For high school seniors, the time is quickly approaching to get your Free Application for Federal Student Aid (FAFSA) filled out and submitted to the college(s) you’re thinking of attending next year. Yep, you read that correctly…you’re submitting the FAFSA almost a year before starting college! October 1, 2022, is the first day you’re able to complete a FAFSA for the 2023-24 academic year.
In this blog, I’ll provide a quick overview of the steps you need to take to prepare for the FAFSA and how the financial aid process works.
How to get started
Before you complete the FAFSA, create an account at StudentAid.gov. This is a unique username and password that is tied to your name, date of birth, and Social Security number, so it’s very important that you write it down and keep it in a safe place! You will have to set up Two-Factor Authentication, which will require you to verify your cell phone number and e-mail address or use an authenticator app during this process. Make sure you use a personal e-mail address and not your school address! In addition, one of your custodial parents will also have to create an account.
Your usernames and passwords are used for various reasons:
- Logging into the FAFSA
- Loading parent and student’s tax information onto the FAFSA directly from the IRS
- Signing the FAFSA for both parent and student so it can be submitted electronically
- Completing the student and/or parent PLUS loan process, if needed
- Keeping track of loan information
What is the FAFSA and when can I fill it out?
The FAFSA is a FREE form that students fill out and submit to be considered for federal, state and college-based financial aid. The FAFSA opens on October 1, 2022, at studentaid.gov. It’s always best to get the FAFSA completed as soon as possible to be considered for the best financial aid offer you qualify to receive.
What information will be requested?
Use this checklist for a thorough listing of information you’ll need, to complete the FAFSA. The form will ask about income, assets, household size, and the number that will be in college. All of this information is important so read through the checklist carefully!
What if our financial situation has changed?
The FAFSA asks for tax information from two years ago. If your situation has changed due to the loss of a job, a parent has passed away, excessive medical expenses, etc., we encourage you to do the following:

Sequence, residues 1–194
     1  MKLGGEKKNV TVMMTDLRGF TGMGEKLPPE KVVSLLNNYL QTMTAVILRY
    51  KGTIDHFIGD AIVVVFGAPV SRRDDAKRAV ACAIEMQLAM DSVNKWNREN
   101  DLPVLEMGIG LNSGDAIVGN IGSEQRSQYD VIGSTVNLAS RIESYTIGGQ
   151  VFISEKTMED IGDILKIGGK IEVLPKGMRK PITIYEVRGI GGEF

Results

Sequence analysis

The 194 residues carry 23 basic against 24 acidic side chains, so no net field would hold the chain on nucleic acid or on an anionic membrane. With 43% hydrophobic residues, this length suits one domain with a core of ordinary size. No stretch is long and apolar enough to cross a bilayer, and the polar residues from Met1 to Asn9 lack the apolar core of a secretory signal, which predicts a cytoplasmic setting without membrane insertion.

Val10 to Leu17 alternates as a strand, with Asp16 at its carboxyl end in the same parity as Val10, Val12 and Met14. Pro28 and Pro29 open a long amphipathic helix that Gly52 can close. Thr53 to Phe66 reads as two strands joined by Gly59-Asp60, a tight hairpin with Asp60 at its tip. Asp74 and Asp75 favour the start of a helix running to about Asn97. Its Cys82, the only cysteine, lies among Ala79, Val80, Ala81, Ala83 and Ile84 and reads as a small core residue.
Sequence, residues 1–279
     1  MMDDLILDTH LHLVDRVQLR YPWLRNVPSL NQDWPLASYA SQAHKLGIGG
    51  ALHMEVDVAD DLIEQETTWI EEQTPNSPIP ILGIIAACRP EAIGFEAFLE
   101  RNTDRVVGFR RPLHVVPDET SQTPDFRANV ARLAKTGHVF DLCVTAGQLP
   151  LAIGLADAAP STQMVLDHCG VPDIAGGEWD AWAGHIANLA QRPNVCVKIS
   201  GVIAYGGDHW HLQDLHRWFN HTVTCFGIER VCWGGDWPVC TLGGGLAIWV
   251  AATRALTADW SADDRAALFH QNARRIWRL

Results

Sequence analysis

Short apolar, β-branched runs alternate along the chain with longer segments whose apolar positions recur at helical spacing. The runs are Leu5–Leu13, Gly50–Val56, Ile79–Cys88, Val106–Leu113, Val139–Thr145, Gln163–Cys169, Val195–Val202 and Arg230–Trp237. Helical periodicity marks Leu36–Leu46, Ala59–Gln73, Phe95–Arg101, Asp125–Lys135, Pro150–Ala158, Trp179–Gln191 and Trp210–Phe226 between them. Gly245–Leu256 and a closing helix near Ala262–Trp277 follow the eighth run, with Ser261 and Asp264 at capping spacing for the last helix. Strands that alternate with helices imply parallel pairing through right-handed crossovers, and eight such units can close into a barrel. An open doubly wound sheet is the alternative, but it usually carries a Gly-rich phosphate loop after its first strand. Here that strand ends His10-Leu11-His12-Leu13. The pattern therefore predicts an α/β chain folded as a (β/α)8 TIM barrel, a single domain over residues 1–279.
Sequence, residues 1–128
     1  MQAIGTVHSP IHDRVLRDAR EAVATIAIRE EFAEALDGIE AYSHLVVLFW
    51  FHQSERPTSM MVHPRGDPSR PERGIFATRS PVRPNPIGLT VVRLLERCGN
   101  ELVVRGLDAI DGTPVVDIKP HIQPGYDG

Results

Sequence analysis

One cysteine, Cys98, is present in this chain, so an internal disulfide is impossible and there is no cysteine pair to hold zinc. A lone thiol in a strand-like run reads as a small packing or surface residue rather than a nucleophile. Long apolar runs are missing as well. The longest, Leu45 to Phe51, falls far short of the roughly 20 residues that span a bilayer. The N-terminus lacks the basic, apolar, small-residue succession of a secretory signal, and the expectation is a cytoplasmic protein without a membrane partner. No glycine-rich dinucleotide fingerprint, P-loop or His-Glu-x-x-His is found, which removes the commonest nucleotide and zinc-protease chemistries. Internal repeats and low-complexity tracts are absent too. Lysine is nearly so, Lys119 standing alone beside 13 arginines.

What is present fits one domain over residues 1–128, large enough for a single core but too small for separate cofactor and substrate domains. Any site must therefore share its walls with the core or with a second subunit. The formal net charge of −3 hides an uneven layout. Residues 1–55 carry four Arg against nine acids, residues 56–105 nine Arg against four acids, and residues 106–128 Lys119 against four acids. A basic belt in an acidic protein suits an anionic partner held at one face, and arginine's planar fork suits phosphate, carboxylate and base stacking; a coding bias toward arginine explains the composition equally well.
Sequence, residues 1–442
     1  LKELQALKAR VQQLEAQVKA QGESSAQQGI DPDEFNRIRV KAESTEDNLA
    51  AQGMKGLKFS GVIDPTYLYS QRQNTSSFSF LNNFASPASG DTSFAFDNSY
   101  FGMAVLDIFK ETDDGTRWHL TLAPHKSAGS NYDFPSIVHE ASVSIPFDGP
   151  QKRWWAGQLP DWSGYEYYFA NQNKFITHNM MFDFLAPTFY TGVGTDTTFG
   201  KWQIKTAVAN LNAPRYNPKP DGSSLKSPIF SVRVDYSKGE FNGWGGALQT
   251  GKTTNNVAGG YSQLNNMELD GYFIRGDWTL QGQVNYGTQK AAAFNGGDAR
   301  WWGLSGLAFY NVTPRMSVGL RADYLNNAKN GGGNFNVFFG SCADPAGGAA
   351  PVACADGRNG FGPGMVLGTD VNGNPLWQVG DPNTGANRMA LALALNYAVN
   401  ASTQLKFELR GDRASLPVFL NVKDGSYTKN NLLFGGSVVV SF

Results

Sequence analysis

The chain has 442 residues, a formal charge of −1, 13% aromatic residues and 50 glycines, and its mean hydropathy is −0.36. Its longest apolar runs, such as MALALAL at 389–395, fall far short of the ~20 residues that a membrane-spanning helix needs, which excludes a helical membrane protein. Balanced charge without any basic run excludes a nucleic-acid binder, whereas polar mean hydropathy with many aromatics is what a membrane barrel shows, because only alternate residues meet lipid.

- Complete and submit the FAFSA as directed. You must report your 2021 tax information as it was reported to the IRS…you cannot alter it in any way!
- Contact the Financial Aid office(s) at all the colleges you listed on the FAFSA. Explain your situation and the college may be able to adjust the FAFSA results after they request and review your current tax documents.
How will I know my FAFSA is being processed?
You will receive an email from Federal Student Aid 3-5 days after submitting the FAFSA. This email confirms that your information was passed from the Federal Processing Center to the college(s) you listed on your FAFSA. The email will include a link to your Student Aid Report (SAR), which will indicate if you are PELL grant eligible and if you were selected for a process called verification. The SAR is also important as a copy of it may be requested for some need-based scholarships.
What is verification?
Verification is a review process done by the college to verify that the information reported on the FAFSA is accurate. Students need to watch their e-mail and college portals carefully for any requests from the college’s Financial Aid office. The college may request additional documentation of some of your FAFSA information. Respond ASAP as colleges will not award financial aid until the verification process is completed. If you are selected for verification, don’t panic! It’s a simple process to complete and doesn’t necessarily mean you did anything wrong when filing your FAFSA.
When can I expect financial aid offers?
Each college you listed on the FAFSA will send you a Financial Aid offer, if the college accepted you for admission. The offer will be sent to your email address or posted on your student portal, so make sure you’re watching those communication avenues closely! The Financial Aid Offer will indicate the types and amounts of aid you’re eligible for, which can include institutional scholarships, grants, work-study, and federal loans.
If you’ve applied to more than one college be sure to compare your Financial Aid Offers to see which institution presented the best package. Ask yourself the following questions:
- How much did each college offer in scholarships and grants (which is money that does not have to be repaid)?
- What will my “out-of-pocket” expenses be?
- Will I have to take out federal loans and if so, how much?
Where can I go for help?
You have a number of resources available to learn more about financial aid and how the process works. Check out our website at EducationQquest.org for upcoming statewide Financial Aid presentations and Livestreams, and to get signed up for Countdown2College monthly emails. Also, follow us on social media for up-to-date information, and schedule an appointment with EducationQuest for FREE help!
By Jacquie Butler